What I enjoyed most of all in the novel was the uncertainty relating to Kassie’s ability (I’m not sure you could call it a gift really). She claims she can foresee someone’s death quite well when she looks people in the eyes. Adam Brandt, the forensic psychologist who is called in to assess Kassie doesn’t believe her in first instance. He’s the voice of rational thinking and he’s seen quite a lot of people with delusions in his years of experience. He was playing the devil on my shoulder with Kassie on the other side.

She continually asks Brandt to believe her and I really felt for her, but like him, I was also very sceptical. Believing her would also come with a terrifying consequence. You see, there’s one helluva revalation in the first half of the novel which hangs over the rest of the novel and made it quite difficult to believe Kassie. I actually didn’t want to believe her at all. Don’t worry if this sounds strange, you’ll know what I’m talking about when you read it! I always had it in the back of my mind, even if I wanted to I couldn’t forget about it! Could she be speaking the truth or is she simply insane, or perhaps there’s someone close to her using her? Aah how wonderful to be kept guessing… Brandt feels protective of Kassie but at the same time she’s seriously incriminating herself because it all comes back to her and the police are not buying her story.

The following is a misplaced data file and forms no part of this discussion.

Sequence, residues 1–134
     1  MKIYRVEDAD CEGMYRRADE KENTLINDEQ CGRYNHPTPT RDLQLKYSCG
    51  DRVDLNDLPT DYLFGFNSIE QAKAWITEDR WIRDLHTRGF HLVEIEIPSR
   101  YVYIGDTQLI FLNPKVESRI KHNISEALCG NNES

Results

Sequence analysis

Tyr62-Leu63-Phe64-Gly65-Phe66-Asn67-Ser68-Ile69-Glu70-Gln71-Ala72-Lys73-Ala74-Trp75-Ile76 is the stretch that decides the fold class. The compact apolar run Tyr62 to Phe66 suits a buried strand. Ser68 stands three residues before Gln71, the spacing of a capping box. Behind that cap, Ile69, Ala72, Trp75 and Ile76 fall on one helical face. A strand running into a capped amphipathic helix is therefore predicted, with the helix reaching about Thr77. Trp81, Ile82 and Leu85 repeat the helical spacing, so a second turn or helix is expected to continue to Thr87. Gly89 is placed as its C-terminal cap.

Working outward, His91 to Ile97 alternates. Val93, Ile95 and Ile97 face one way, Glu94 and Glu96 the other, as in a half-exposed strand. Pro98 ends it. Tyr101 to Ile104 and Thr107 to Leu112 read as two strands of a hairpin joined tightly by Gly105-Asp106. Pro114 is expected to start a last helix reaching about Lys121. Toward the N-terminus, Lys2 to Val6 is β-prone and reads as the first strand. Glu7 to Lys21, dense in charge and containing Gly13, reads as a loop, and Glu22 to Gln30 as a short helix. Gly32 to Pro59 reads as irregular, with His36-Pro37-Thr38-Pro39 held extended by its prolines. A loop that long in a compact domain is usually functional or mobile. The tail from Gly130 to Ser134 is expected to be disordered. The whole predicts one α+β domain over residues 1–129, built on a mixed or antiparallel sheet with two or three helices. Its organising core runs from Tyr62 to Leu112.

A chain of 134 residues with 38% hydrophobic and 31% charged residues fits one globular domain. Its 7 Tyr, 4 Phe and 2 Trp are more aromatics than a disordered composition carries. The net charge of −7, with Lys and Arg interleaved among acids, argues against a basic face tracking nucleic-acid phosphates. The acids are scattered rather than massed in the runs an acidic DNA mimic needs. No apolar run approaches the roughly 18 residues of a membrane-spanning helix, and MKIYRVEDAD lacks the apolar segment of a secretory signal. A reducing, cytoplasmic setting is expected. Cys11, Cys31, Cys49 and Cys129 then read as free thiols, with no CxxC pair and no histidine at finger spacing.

I said it before but I’ll say it again because it really doesn’t always work for me the way it did this time but I loved the paranormal angle. If you’re not a big fan of these threads, you can still enjoy this. Besides that he also satisfies readers who love a bit of heartbreak and drama as well as every die hard triller fan by inserting an emotional and touching plotline and not holding back on a few gruesome murders :-). The novel shocked me too but the weird part is that it wasn’t even these aforementioned murders that surprised me most. He sure knows how to write a twist! I’m sure this novel will please readers of all genres.